THE BLOG

Six Myths Of The 'Sugar Tax'

02/12/2016 14:08

As the UK moves closer to implementing its soft drinks industry levy (or 'sugar tax' as it is more commonly known), more and more companies are announcing their plans to reformulate their products, showing that it's entirely possible to reduce sugar and provide healthier options.

Yet while the measure is popular with the public and health experts, some myths are still being perpetuated by opponents of the levy. Here we explore some of the most common questions about the soft drinks industry levy.

Will the sugar levy work? Yes. While the model put forward by Government has no direct comparison, there is extensive evidence from around the world showing a sugar tax works:
  • In Mexico a1 peso excise tax (approximately 10%), on average, reduced consumption by 12% within 12 months.
  • In Hungary, a tax on sugary products led 40% of manufacturers to reduce or eliminate sugar to avoid the tax.

Will the sugar levy cost jobs?
No, there is no credible evidence to suggest a sugar levy will costs jobs. An analysis of the effect of existing taxes in the EU did not show any long-term impact on the competitiveness of the food and drink industry from these taxes.

A report, (which was itself commissioned by the British Soft Drinks Association), stated the levy could cost up to 4,000 jobs. However, this figure did not take into account either the benefit to the dairy industry - said to benefit from a 3.7% increase in the volume of milk sold - or the likely increase in water and diet drinks sales. These figures were also calculated on the assumption that industry wouldn't reformulate their products. Yet several retailers and manufacturers have already announced plans to reduce sugar from their drinks so they are not affected by the levy.

Will the levy cost more money to implement than the revenue gained?
No. The levy will help save money. Obesity is one of the biggest drains on the NHS and the economy as a whole. The NHS is currently spending over £6 billion on obesity-related costs. The costs to the NHS attributable to overweight and obesity are projected to reach £9.7 billion by 2050, with wider costs to society estimated to reach almost £50 billion per year.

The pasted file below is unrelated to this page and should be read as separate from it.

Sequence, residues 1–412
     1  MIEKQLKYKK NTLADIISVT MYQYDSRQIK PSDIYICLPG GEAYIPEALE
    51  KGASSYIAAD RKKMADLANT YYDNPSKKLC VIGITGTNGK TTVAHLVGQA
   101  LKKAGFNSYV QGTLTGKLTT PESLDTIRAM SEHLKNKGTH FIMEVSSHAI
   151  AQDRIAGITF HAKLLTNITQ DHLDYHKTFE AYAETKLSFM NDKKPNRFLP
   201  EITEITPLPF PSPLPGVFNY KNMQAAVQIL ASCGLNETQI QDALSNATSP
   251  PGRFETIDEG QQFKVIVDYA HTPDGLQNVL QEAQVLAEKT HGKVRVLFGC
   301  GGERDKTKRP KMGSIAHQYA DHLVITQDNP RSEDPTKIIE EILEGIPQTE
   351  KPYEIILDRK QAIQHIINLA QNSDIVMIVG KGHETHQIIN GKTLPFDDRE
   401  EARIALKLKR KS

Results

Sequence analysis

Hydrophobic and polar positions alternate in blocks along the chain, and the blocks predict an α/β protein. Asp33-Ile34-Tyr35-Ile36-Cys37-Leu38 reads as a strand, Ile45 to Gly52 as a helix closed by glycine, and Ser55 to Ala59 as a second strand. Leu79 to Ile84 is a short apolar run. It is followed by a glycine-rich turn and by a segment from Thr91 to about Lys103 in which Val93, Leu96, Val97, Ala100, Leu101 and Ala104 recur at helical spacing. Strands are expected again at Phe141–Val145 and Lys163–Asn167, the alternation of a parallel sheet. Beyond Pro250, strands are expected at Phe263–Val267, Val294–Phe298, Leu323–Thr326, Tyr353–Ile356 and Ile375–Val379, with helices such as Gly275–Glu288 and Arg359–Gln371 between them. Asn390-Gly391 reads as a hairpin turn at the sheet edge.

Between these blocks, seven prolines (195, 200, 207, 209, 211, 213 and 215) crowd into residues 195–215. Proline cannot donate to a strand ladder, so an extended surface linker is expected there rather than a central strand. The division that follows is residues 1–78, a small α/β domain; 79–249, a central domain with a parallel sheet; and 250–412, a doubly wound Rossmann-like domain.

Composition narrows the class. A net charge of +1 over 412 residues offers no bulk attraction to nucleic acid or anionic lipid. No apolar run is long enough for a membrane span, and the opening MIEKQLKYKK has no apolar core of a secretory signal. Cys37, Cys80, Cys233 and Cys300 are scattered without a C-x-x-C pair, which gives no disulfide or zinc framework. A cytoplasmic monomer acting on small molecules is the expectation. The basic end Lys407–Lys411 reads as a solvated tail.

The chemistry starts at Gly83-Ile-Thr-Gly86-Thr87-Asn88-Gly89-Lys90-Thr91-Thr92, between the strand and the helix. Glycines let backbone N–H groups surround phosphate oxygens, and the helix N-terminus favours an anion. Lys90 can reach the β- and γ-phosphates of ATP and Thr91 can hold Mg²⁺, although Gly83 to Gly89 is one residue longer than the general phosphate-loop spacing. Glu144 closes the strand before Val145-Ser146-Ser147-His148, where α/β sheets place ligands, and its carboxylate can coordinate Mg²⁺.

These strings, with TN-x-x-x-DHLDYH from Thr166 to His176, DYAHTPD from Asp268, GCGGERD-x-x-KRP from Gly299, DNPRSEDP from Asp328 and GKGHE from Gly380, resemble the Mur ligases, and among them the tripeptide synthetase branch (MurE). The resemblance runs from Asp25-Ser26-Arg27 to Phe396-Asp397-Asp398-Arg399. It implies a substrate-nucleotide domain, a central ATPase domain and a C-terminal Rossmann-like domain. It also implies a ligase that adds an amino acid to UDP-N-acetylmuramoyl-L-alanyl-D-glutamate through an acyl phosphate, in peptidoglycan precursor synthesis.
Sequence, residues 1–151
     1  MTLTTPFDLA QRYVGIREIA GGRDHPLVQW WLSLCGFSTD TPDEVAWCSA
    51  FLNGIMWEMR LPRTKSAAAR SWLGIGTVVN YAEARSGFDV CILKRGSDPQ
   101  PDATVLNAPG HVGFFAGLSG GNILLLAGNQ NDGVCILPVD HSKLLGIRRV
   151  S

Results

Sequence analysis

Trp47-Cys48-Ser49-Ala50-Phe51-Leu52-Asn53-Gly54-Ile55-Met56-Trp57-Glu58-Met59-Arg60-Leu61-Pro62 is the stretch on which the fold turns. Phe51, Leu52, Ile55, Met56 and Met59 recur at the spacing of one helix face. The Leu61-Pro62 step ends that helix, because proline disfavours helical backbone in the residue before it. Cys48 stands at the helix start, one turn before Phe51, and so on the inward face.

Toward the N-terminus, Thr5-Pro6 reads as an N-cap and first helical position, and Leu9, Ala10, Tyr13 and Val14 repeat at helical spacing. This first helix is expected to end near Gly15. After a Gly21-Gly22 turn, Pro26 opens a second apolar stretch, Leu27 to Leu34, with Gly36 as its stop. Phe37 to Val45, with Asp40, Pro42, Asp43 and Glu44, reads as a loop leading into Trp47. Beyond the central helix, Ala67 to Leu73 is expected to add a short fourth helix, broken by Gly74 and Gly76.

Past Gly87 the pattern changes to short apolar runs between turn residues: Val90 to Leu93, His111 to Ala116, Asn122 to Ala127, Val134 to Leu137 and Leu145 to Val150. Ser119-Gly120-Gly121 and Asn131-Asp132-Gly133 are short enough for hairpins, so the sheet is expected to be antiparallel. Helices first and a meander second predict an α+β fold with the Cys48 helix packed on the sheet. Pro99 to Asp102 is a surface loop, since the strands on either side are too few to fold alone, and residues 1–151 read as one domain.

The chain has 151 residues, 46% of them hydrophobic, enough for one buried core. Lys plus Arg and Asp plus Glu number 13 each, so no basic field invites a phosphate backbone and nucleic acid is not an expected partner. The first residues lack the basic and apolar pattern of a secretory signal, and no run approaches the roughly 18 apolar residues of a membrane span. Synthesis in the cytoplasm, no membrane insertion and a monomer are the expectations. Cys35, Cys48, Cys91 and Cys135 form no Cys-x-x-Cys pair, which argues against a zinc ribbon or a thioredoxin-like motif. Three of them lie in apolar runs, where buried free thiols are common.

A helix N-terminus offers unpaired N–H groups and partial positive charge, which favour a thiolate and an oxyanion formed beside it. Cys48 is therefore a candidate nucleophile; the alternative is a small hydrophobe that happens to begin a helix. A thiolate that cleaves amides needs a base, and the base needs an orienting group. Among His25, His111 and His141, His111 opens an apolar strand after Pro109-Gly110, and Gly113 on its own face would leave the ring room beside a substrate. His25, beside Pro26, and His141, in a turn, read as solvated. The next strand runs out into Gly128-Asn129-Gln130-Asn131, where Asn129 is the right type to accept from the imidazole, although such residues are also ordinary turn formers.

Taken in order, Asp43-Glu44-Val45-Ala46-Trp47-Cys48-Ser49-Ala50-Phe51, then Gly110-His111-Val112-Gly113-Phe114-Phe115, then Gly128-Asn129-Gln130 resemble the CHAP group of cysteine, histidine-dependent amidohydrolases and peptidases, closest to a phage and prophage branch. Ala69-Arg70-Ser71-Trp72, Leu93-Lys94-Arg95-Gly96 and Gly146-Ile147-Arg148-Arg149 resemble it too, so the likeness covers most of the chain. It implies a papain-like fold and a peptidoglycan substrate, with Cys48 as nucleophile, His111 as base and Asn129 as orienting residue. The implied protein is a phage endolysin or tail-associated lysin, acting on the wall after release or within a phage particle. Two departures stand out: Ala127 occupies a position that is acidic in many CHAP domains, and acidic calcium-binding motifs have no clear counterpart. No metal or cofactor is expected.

Is the levy an example of the nanny state going too far?
No, the Government has a duty of care to provide children with an environment that promotes health, not disease. The levy is about providing supportive environments, giving children a healthy start to life and about enabling people to make healthy and informed choices.

Will the sugar levy only lower our intake by 5 calories?
No. The '5 calories' reduction in total consumption claim is based on averaging out a total drop in consumption across the whole population. This ignores the fact that consumption is concentrated among teenagers - people aged 11 to 18 consume on average 21g of added sugar per day from soft drinks, which is more than double the amount consumed by people aged between 19 and 64.

Is the sugar levy regressive?
No, rather than being penalised, the health gains from the levy will be biggest for people on low incomes. Sugary drink consumption levels tend to be highest among the most disadvantaged children. The lowest income groups suffer the highest burden of sugar-related diseases, such as tooth decay, and have the highest intakes of sugar in their diets.

Obesity is one of the biggest public health threats facing the UK today and with sugary drinks contributing heavily to the rising levels of obesity, the soft drinks industry levy will be a vital measure to protect our children's health.

However over a fifth of children are overweight or obese by the time they start primary school, and a third by the time they reach year six. Reformulation alone will not solve this problem. The levy needs to be one of several measures that challenges the obesogenic environment that surrounds us, including closing loopholes to protect children from junk food marketing on TV and online.

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